Archive for Useability

Storyboarding RIA

Some time ago I blogged on wireframing or prototyping.

Bill Scott blogged on doing storyboards for his applications with Visio. Specifically he¬†talks about a new challenge: how do we document Rich Internet Applications (RIAs), where users interact directly within the page and feedback is immediat, as opposed to the “traditional” Paged Internet Applications (PIAs), where users enter information and link to another page.


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Users stuck in permanent beginner mode

¬†Kathy Sierra on users stuck in permanent beginner mode. And that’s more of a design problem than a users problem. Very interesting to read, read the comments (*a lot*) too!

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NO! – Bad User!!!

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Optimizing too much at FedEx?

James Shore runs a blog on Successful Software.

He describes  his experience with FedEx, a company that truly optimized at all levels, but fails when "things happen" … The lack of slack in the process does not give people an opportunity to stop, stretch, and look around, and correct the things that happened …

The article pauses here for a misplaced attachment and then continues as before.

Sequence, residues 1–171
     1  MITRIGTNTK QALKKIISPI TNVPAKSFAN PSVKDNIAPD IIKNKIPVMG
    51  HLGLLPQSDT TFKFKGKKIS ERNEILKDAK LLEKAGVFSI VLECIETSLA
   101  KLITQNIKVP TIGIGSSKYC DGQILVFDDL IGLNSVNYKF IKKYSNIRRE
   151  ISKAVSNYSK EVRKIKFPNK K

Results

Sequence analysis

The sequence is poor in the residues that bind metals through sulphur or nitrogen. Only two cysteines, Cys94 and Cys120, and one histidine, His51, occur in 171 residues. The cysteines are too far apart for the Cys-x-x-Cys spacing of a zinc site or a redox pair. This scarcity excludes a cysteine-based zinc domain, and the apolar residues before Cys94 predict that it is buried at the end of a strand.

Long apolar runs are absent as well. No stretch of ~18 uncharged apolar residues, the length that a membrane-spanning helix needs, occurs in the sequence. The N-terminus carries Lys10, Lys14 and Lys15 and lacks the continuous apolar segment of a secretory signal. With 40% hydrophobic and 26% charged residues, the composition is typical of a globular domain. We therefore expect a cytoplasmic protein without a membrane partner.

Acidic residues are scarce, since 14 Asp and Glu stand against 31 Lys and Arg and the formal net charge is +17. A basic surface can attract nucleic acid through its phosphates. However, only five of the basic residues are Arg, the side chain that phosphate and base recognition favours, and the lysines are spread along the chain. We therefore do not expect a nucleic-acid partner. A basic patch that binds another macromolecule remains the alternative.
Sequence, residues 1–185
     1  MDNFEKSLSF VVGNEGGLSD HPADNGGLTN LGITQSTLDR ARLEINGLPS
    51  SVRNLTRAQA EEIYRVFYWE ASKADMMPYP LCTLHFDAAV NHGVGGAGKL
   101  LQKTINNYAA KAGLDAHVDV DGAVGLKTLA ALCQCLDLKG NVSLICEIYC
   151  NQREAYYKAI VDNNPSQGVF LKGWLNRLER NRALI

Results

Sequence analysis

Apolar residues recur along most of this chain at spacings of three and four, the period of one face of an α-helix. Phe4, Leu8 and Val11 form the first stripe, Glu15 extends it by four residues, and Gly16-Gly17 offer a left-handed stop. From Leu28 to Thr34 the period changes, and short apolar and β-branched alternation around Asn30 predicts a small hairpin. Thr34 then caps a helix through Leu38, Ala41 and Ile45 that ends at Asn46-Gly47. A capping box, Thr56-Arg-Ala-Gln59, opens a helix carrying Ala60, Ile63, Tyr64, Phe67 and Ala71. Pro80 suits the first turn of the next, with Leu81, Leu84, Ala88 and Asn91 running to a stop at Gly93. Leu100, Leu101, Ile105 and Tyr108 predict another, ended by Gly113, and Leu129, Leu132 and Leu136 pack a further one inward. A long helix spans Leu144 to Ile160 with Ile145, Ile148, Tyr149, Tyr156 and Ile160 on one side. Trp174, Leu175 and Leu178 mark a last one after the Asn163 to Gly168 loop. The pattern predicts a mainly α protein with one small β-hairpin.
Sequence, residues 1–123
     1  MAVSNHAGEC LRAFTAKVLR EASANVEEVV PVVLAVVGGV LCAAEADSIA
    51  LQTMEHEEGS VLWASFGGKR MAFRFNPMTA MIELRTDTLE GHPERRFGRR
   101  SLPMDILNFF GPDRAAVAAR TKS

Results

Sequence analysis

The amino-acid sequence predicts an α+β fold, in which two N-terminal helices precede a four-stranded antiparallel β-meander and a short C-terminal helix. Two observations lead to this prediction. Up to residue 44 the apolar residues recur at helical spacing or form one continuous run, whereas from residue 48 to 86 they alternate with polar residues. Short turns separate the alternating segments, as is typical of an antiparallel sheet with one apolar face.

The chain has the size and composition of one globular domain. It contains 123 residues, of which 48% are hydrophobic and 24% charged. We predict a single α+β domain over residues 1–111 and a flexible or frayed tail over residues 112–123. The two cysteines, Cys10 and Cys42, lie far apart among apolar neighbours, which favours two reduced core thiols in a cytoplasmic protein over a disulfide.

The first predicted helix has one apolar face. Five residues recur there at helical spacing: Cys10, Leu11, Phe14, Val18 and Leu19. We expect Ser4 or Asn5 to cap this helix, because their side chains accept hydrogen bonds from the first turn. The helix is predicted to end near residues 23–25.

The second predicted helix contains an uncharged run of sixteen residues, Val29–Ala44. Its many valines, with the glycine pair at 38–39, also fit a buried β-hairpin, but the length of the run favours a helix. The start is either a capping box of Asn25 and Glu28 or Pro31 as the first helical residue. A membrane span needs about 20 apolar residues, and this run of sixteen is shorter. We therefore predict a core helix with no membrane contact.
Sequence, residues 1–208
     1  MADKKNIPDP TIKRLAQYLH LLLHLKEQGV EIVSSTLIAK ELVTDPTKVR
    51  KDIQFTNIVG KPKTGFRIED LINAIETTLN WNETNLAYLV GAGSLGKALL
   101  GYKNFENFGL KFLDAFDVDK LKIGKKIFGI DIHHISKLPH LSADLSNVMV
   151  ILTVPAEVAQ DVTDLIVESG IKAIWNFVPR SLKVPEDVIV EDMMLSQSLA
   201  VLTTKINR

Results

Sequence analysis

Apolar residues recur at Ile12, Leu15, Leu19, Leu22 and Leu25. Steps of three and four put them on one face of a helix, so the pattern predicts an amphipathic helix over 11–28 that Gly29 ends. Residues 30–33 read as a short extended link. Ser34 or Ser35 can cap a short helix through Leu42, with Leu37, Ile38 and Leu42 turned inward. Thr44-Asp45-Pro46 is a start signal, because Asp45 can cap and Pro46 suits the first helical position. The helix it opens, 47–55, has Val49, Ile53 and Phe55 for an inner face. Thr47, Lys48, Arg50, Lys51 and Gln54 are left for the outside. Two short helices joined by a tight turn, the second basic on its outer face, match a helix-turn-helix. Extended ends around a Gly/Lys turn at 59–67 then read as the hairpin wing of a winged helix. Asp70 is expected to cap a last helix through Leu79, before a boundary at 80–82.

The story is titled Off-the-Rails.html 

Leave a Comment – The 25 Worst Tech Products of All Time

PC World published a list of the 25 Worst Tech Products of All Time.

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More Usability Publications and Guidelines

Microsoft has lots of Published Materials from Microsoft's usability community.

Among these also Hanna, Risden & Alexander's Guidelines for usability testing with children.
Even thought it is an older publication (1997), Tim Fidgeon (from my previous post) definitely read this part:

Gauge how much children like a program by observing signs of
engagement such as smiles and laughs or leaning forward to
try things, and signs of disengagement such as frowns, sighs,
yawns, or turning away from the computer.
These behavioral signs are much more reliable
than children’s responses to questions about whether or
not they like something

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Usability testing with Children

Usability testing with children is similar in many respects to usability testing with adults.
But in order to get the most out of the sessions, and ensure the child is comfortable and happy, there are a few differences that you need to be aware of.

(Read about in on Tim Fidgeon's Feature: Usability testing with Children)

Among the differences that drew my attention were the importance of non-verbal cues, because

  • Children might be too shy
  • Children might not want to say the wrong thing and displease an adult
  • Children might say things they don't believe just to please the adult

So its very important to be sensitive to children's non-verbal cues, such as:

  • Sighs
  • Smiles
  • Frowns
  • Yawns
  • Fidgeting
  • Laughing
  • Swaying
  • Body angle and posture

I personally think the whole article applies equally well to Usability testing with Older people.

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